Room  (2015)    55/100

Rating :   55/100                                                                     118 Min        15

Completely ridiculous. A piece of absolute nonsense that somehow garnered nods for best film, actress (Brie Larson), director (Lenny Abrahamson, ‘Frank‘ 2014) and adapted screenplay (Emma Donoghue) at the Oscars for 2015 – I’m not sure I want to divulge the central story as parts of it are only revealed after time, but the plot is focused on a mother’s relationship with her young five-year-old child (Brie Larson and Jacob Tremblay respectively) within the context of a dramatic scenario they have to try and resolve. Suffice it to say, when you find out what that scenario is you will be left thinking, really? You couldn’t find a way to solve that problem with all the means at your disposal, and all the time you had to work on it?

To make matters worse, the solution hit upon has so many aspects that could head south fast it effectively buries the suspension of disbelief and the film from then on. Larsen carries the role (she was the only win at the Oscars) but not in any particularly resonant way, I didn’t feel anything for her character from start to finish, and I thought her young son was actually a girl for the majority of the film as well – visually he looks like a girl, and I thought there are reasons the mother might want to pretend that it was a boy, but no, it actually is a boy, so confusing. Basic changes to the details and the entire movie could work, but what they’ve ran with in the end is just preposterous.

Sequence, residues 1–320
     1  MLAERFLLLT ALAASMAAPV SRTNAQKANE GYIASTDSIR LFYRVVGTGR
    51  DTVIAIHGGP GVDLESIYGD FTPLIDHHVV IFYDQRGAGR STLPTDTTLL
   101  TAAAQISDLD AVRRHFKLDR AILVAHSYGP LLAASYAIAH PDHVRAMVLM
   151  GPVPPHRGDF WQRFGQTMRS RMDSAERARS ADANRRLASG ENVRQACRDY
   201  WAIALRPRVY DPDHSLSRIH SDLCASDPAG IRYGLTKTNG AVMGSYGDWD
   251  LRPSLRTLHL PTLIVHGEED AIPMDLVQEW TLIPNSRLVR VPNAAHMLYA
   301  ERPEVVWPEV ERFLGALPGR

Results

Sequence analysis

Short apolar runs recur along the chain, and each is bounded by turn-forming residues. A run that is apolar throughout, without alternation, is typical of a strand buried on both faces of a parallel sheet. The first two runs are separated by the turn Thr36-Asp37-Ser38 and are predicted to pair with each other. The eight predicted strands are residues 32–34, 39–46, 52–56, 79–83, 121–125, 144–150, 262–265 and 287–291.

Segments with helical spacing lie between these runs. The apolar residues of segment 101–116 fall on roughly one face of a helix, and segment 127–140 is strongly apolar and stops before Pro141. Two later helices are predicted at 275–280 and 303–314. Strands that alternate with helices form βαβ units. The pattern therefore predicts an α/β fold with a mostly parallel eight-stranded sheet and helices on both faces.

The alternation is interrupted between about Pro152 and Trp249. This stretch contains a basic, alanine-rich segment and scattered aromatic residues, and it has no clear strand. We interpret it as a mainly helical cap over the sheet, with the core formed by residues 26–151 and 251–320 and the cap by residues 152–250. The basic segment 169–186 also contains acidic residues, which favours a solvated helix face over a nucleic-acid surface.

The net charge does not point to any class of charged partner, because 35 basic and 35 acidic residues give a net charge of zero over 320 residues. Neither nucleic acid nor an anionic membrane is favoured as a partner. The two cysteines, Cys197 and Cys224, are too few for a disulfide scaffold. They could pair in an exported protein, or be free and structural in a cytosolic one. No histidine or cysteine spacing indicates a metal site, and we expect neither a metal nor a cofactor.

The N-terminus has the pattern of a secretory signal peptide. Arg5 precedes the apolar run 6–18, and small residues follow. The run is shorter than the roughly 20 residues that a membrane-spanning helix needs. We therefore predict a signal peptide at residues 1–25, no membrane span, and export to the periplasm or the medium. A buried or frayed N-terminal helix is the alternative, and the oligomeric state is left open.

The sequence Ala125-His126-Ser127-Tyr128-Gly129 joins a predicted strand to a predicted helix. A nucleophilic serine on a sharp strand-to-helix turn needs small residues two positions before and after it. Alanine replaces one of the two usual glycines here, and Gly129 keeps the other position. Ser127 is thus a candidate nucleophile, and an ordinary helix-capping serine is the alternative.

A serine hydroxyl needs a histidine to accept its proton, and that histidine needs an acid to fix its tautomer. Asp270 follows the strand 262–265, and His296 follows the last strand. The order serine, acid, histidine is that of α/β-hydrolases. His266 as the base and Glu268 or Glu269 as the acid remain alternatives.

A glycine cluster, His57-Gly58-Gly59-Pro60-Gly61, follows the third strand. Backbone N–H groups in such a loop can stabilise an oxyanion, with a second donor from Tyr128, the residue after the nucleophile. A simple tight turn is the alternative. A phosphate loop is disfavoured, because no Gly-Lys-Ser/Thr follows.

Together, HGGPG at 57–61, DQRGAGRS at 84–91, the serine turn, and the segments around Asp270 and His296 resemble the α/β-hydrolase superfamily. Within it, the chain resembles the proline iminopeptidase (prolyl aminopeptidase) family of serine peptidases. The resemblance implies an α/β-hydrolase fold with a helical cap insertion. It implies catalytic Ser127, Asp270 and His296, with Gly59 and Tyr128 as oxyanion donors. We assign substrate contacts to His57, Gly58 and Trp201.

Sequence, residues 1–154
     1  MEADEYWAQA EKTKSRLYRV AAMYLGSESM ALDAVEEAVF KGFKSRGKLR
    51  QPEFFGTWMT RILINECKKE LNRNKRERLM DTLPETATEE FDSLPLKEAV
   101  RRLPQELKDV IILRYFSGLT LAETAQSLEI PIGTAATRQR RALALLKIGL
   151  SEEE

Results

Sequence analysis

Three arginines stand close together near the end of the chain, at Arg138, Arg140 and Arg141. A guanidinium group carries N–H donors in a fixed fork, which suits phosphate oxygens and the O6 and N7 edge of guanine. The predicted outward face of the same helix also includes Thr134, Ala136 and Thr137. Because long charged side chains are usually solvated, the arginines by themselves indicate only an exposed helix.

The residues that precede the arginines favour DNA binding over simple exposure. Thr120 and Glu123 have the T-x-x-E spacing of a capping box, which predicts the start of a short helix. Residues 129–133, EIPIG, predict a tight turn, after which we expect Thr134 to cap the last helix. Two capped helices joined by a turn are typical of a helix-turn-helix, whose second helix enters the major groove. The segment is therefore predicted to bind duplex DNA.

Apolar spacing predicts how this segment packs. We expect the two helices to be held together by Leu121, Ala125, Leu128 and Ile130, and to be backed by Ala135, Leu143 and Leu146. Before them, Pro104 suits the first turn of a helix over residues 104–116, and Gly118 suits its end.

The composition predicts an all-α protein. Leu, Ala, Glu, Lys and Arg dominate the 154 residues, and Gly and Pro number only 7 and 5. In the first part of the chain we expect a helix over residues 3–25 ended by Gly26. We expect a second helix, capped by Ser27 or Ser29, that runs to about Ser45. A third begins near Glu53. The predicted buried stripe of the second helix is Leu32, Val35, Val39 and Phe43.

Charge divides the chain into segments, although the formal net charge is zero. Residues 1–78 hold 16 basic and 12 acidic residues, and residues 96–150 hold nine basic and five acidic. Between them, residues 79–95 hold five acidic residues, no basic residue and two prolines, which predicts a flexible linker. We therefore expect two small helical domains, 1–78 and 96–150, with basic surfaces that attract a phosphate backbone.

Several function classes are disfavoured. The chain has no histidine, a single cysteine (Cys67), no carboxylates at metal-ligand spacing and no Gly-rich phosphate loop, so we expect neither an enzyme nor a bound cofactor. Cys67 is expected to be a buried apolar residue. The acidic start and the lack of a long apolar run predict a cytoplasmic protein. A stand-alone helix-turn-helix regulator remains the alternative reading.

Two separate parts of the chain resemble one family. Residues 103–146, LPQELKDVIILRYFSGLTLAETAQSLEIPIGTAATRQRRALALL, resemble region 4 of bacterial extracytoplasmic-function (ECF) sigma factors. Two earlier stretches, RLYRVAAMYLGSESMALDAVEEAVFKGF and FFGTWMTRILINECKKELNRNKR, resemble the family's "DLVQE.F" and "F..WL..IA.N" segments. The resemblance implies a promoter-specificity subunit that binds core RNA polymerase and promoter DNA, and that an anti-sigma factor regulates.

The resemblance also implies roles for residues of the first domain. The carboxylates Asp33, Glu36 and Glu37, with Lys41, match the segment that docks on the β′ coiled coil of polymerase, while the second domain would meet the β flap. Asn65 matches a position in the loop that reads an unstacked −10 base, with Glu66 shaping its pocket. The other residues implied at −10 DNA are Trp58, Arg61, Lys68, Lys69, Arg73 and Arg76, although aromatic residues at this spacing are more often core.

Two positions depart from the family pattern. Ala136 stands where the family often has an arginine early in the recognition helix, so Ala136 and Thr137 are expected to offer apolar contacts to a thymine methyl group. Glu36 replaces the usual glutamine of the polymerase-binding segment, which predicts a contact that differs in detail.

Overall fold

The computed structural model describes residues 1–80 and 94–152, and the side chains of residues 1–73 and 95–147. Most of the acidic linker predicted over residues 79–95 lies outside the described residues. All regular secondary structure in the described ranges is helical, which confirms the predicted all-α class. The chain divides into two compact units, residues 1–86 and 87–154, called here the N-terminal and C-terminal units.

Similarly, they hint at deeper and darker sexual themes, but then pull back before they’ve even begun to be explored. Ultimately, the entire thing is basically a waste of time, although Tremblay is quite convincing, despite looking like a girl (he can blame his mother for that).

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